Stone Age to Iron Age 6: brooch
This is a bronze brooch called a fibula. It worked just like a safety pin. In fact, the safety pin is its direct descendant!
It’s covered in mud because the photograph was taken shortly after it was dug up from the ground.
In the Iron Age this type of brooch was worn by men, women and children to fasten their clothing together. Larger examples were also used to fasten cloaks, usually on the right shoulder.
This example, from the 1st century BC, is very simple. But some were made of gold or silver and were beautifully decorated.
It’s a style of brooch called La Tène III. La Tène culture covered much of western and central Europe in the late Iron Age and is characterised by ‘swirly’ decoration on much of its metalwork.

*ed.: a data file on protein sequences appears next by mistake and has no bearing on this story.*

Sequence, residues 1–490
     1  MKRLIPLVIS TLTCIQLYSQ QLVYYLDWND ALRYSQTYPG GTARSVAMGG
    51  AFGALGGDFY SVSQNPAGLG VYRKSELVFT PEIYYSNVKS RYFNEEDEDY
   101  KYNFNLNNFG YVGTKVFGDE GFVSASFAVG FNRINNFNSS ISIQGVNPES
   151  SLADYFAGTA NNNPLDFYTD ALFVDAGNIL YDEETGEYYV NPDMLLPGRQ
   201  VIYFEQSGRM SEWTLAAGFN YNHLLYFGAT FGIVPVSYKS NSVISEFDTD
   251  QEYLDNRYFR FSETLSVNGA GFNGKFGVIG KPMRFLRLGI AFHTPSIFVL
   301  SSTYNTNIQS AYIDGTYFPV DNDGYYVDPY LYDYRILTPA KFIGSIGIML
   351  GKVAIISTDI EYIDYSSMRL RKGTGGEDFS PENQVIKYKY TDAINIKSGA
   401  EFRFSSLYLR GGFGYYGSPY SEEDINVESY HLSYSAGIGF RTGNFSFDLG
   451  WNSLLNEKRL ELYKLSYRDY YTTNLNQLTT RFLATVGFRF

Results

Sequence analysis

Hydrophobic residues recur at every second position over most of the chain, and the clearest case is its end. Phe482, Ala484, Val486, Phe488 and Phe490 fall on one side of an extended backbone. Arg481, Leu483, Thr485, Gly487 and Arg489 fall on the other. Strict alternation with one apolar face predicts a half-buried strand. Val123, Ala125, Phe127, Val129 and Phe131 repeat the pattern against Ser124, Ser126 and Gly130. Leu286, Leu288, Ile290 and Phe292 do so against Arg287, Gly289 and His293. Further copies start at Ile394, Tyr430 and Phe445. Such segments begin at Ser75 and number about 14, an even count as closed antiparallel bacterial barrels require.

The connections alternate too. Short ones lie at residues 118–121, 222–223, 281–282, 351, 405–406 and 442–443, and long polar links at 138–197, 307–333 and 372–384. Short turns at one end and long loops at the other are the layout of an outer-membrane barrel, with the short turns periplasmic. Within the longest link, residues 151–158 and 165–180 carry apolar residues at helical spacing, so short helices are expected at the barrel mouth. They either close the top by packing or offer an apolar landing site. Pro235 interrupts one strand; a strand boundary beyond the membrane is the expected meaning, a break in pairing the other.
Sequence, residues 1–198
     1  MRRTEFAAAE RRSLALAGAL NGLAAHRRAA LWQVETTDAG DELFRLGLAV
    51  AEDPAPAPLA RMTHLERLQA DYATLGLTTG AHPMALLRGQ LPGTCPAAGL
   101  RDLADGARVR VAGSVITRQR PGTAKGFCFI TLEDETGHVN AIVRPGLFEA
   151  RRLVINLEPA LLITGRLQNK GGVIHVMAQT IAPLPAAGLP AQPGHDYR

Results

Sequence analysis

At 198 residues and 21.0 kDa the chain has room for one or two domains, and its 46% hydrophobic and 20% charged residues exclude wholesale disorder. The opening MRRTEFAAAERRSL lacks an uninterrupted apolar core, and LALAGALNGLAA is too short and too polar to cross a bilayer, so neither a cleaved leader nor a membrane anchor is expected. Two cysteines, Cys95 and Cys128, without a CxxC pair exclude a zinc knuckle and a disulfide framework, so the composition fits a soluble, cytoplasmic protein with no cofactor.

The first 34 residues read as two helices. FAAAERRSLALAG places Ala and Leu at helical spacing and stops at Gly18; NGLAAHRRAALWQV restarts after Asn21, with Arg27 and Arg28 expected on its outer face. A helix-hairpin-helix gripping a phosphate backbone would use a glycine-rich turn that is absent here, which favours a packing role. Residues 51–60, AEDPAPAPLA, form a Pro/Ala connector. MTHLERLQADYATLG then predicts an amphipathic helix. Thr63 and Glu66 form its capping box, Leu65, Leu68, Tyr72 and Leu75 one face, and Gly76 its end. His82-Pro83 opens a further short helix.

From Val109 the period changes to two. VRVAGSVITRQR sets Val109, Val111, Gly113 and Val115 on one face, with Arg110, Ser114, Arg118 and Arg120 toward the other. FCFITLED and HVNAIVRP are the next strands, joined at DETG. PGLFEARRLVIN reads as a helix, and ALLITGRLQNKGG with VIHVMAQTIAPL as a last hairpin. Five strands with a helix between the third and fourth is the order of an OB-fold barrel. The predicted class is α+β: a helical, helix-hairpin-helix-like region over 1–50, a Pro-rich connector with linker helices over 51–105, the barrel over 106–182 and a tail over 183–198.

The discovery of La Tène brooches and other imported artefacts in late Iron Age Kent is evidence that trade was flourishing across the Channel at this time.
La Tène culture gets its name from the town of La Tène, on the north shore of Lake Neuchâtel in Switzerland. In the Iron Age thousands of objects were deposited in the lake as ritual offerings. They were discovered in 1857 when the water level dropped.